2. Objection was overruled to the following question:
‘Q. By Mr. Arterberry: Now, I will ask you whether or not, about this time, December, 1945, keeping this date of this check in mind or shortly thereafter, in January of 1946, did you ever execute a power of attorney to your son-in-law, Mr. Scott-Duns?’
It is argued that this was error, having in mind the best-evidence rule. The question did not call for the text of the power of attorney, but only whether such a document was executed. Therefore, the objection was not well taken. Other objections have to do with rulings on leading questions designed to elicit facts of the alleged conspiracy. As to these rulings there was no error.
3. Finally counsel urge misconduct arising out of the following colloquy between court and counsel:
‘Mr. Smith: Cross examine.
‘Mr. Arterberry: If your Honor please, before going into the cross examination, would you instruct the jury that any conversation he had with Mrs. Allen with reference to any civil settlement, or purported civil settlement, has no bearing on the issues in this case.
‘The Court: That is correct. It is not controlling on the State.
‘Mr. Arterberry: No, sir.
‘The Court: The State is interested in the prosecution of criminal cases, and what the desire of the individual is is of no moment, and I think perhaps you should draw up a proper instruction to that effect too.
‘Mr. Arterberry: Very well, your Honor.
‘The Court: There is no question that is the law, is there?
‘Mr. Smith: No, your Honor, that is absolutely right.
‘The Court: In other words, if I stole $10,000.00 from you and was indicted by the Grand Jury, and I saw you a week beforehand and gave you back your $10,000.00, I could still be prosecuted.
‘Mr. Smith: The question, of course, is whether or not a crime is committed at a certain time, and anything subsequent to that has no bearing on it.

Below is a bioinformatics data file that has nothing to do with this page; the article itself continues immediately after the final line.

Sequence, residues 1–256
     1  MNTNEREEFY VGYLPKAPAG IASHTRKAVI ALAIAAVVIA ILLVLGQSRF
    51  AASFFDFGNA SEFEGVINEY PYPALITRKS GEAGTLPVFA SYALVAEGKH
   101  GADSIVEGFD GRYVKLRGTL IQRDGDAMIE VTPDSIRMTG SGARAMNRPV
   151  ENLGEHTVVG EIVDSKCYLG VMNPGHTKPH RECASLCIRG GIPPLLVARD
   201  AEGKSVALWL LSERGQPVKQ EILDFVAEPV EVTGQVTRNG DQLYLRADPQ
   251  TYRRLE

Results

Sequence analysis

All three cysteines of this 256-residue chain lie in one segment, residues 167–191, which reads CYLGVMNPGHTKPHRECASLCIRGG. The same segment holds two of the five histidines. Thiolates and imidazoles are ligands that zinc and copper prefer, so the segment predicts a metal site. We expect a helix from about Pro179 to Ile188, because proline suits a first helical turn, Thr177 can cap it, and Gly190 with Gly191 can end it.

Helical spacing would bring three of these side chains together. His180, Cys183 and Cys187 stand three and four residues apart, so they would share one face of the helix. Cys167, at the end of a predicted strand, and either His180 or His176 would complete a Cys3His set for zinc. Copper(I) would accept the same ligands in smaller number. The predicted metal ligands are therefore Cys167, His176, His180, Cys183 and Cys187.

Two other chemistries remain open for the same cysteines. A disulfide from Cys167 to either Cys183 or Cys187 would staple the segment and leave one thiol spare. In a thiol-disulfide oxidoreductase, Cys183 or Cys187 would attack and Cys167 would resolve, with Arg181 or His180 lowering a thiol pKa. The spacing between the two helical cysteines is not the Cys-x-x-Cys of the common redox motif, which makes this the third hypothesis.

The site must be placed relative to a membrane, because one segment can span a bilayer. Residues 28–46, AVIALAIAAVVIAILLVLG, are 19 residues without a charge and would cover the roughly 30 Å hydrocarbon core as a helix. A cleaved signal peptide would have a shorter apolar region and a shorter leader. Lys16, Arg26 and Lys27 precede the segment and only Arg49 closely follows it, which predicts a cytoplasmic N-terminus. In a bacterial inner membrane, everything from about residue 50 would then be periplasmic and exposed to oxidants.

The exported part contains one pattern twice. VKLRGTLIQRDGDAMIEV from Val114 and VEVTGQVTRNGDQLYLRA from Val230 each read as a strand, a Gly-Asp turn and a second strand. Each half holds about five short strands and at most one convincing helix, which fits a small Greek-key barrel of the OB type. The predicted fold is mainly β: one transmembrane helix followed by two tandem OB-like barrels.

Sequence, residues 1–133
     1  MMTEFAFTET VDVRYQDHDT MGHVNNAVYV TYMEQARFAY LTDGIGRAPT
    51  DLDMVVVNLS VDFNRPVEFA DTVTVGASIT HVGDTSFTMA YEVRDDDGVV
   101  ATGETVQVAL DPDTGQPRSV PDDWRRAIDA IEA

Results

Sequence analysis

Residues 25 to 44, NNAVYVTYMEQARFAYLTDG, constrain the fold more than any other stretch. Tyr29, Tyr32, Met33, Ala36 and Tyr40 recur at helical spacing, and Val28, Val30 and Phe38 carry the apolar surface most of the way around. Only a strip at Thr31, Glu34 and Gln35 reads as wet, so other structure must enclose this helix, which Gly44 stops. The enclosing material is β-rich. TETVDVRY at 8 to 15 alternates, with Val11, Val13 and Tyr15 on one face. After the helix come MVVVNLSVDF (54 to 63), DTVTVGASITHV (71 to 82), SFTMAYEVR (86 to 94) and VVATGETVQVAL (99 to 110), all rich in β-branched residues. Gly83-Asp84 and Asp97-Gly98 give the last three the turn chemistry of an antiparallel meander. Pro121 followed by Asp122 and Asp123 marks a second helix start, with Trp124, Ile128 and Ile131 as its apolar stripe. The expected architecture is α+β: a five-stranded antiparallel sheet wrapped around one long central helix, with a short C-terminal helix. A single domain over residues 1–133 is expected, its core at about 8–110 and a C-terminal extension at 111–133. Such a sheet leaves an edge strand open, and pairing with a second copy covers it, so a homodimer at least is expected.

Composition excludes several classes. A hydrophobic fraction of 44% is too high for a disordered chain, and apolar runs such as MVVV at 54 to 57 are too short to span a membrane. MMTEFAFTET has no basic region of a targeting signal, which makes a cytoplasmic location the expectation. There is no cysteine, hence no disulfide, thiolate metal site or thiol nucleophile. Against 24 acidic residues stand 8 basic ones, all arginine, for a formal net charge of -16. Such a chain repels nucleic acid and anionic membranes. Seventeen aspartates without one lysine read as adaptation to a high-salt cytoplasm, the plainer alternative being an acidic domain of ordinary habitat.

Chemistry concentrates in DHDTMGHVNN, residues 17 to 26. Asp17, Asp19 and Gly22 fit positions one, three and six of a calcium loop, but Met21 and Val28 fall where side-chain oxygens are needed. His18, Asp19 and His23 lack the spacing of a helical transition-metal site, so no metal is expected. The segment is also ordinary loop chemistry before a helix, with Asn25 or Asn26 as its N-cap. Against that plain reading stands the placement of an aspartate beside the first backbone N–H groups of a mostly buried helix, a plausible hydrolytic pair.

‘The Court: Say I took a gun and held you up and stole your money from you without your consent and against your will, and I was indicted. That is what the evidence would show. And then later I met you and I said, ‘Mr. Smith, I am sorry about that. Here is your $10,000.00.’ That wouldn't affect the prosecution.
‘Mr. Smith: Not at all. I think that is absolutely correct.
‘The Court: I wanted to be sure that is the law. That is my view of it.
‘Mr. Smith: I was a little surprised, your Honor. I wanted the evidence chiefly for the matter of——
‘The Court: Surprised or not, it is a matter of record, and you may proceed.’
It is hard to see anything in the remarks of the judge which could have prejudiced the defendant with the jury. The only thing which may be drawn from them is a desire on the part of the judge to have an understanding with counsel as to rulings made during the course of the trial. Moreover, no objection to these remarks was made by counsel; and no assignment of misconduct was made. So, in any event, no error may be predicated upon them. People v. Galuppo, 81 Cal.App.2d 843, 185 P.2d 335.
The judgment is affirmed.
WHITE, P. J., and DORAN, J., concur.